Now please meet host 2. Host 2 is a wonderful modern server. One of the work horses of the datacenter. It's fully packed with virtual machines, but its many cores and memory, as well as its state-of-the-art HBA, provide enough horsepower to cope with the workload. This baby is more than capable to do the work and it's in no way a slow drain device. It's zoned and mapped to the storage arrays A, B, C and D and it uses them heavily, mostly for read operations. The green tiny bars are read requests and as you see in the next picture it sends them to all of them, all of the time.
Of course the other hosts send requests, too, but let's focus on our diligent host 2. Yes, the pictures are too simplistic, but I'm sure you'll get the point. On the next one you see the first responses flowing back to host 2. Communicating with several storage arrays the link towards host 2 is used heavily, but host 2 is processing the incoming frames quickly and gives buffer credits back to the switch in proper time. So far so good.
But the more and longer the link utilization is very high, the more likely the following will happen if you enabled bottleneckmon with alerting:
2013/09/07-12:07:11, [AN-1004], 7002, SLOT 7 | FID 128, WARNING, FAB1DOM5, Slot 2, port 14 is a congestion bottleneck. 99.67 percent of last 300 seconds were affected by this condition.
If you didn't enable bottleneckmon, the congestion bottleneck would still be there... you just wouldn't know it.
The crux is: you will hardly find a congestion bottleneck that just flows with high link utilization and no negative effects. The probability is much higher for the following scenario:
Although there are enough buffer credits for this highly utilized link, frames are piling up towards it, because there is just too much workload and the link is busy sending frames. There is no slow drain device and to stay with the bathing metaphor: the drain works very well and transports as much water as its physically able to do. But there is so much more water in the tub that it could not go through the drain at the same time. And in addition imagine you have not only one water tap (in our case storage arrays) but four of them. They fill the tub quicker than the drain can empty it. As a result the internal buffers for all the hops through the SAN director fill up (that's basically the tub) and finally the director needs to do something against that: It will slow down the sending of buffer credits to the devices. Not only devices that want to send frames directly to host 2, but due to back pressure also the ones that send frames into that rough direction (using the same internal connections for example). And finally you'll end up in something like this:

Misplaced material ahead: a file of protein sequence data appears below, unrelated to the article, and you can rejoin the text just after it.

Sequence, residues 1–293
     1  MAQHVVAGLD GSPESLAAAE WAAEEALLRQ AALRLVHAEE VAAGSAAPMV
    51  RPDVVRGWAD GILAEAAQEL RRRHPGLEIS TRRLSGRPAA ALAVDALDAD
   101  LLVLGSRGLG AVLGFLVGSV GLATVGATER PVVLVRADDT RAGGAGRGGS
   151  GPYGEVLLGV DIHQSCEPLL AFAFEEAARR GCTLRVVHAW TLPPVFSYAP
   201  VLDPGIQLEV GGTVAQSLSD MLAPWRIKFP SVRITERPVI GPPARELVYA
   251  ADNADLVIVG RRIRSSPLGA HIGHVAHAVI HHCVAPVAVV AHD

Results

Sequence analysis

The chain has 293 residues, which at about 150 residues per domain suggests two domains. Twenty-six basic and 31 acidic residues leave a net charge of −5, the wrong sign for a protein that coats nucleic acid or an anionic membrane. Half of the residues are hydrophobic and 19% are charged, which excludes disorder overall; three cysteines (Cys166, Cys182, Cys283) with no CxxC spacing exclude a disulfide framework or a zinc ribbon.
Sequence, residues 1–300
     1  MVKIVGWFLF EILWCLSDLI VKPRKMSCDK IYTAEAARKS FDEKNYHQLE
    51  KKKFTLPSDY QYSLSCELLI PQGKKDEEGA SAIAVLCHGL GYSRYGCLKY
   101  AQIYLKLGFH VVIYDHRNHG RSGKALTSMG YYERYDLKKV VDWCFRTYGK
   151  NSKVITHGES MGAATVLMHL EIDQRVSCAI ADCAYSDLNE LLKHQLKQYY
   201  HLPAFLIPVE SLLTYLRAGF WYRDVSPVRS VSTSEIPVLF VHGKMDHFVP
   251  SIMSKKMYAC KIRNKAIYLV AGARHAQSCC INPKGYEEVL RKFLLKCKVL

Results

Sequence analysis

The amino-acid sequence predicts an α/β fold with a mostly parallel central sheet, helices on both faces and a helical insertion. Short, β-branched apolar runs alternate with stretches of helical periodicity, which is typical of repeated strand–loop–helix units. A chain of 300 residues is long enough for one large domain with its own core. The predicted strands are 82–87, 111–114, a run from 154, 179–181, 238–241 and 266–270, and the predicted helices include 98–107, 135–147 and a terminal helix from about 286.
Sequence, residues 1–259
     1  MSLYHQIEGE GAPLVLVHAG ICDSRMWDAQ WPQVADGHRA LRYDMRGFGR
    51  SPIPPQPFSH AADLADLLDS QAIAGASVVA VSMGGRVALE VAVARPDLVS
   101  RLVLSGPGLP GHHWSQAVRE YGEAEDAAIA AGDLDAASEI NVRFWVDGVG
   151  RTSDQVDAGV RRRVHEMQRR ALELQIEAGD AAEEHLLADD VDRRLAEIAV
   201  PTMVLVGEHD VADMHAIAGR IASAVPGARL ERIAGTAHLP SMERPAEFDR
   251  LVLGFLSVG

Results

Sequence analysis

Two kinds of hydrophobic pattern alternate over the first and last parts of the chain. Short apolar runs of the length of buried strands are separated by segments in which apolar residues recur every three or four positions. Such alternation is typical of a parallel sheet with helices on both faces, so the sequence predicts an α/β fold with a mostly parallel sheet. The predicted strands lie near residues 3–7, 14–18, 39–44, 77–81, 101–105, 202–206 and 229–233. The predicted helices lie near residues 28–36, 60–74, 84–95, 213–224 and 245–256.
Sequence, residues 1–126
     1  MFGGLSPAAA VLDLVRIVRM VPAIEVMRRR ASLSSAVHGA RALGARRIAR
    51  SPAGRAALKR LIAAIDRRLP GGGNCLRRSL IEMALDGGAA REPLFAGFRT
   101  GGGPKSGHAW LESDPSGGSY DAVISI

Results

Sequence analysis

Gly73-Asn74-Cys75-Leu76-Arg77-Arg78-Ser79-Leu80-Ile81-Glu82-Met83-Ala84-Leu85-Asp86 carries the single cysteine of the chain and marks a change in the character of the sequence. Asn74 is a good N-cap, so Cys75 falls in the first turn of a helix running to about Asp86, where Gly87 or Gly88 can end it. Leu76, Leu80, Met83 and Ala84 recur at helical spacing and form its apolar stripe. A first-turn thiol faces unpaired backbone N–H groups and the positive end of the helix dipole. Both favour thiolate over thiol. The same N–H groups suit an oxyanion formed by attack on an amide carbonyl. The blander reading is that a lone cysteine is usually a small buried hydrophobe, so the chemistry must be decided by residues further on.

The SAN director just behaves like a slow drain device itself!
Frames pile up inside the storage arrays and other end devices impaired by the slow drain behavior. If their RAS package is good, they will yell about credit starvation and probably even drop frames within their FC adaptors. In extreme situations these frame drops could happen in the director, too. At least you would see then something that would point you to a performance problem. Because otherwise - if you would have substantial delay in the traffic but all the frames get finally transferred to the next internal or external hop within 500ms ASIC hold time - you would only see the congestion bottleneck. And without bottleneckmon you wouldn't see anything at all then. The switch would look clean. Nothing in porterrshow or porstatsshow. Both show only external port counters anyway. As a SAN administrator you would not suspect anything in the director to cause this.